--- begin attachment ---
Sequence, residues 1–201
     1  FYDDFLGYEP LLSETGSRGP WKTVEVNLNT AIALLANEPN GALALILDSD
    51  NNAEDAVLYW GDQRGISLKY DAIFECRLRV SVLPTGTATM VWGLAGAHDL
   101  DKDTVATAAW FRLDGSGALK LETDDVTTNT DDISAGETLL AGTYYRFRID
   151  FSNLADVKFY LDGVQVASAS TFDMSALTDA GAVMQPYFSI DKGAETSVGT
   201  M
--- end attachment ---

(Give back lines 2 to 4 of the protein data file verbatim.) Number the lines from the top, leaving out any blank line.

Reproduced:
     1  FYDDFLGYEP LLSETGSRGP WKTVEVNLNT AIALLANEPN GALALILDSD
    51  NNAEDAVLYW GDQRGISLKY DAIFECRLRV SVLPTGTATM VWGLAGAHDL
   101  DKDTVATAAW FRLDGSGALK LETDDVTTNT DDISAGETLL AGTYYRFRID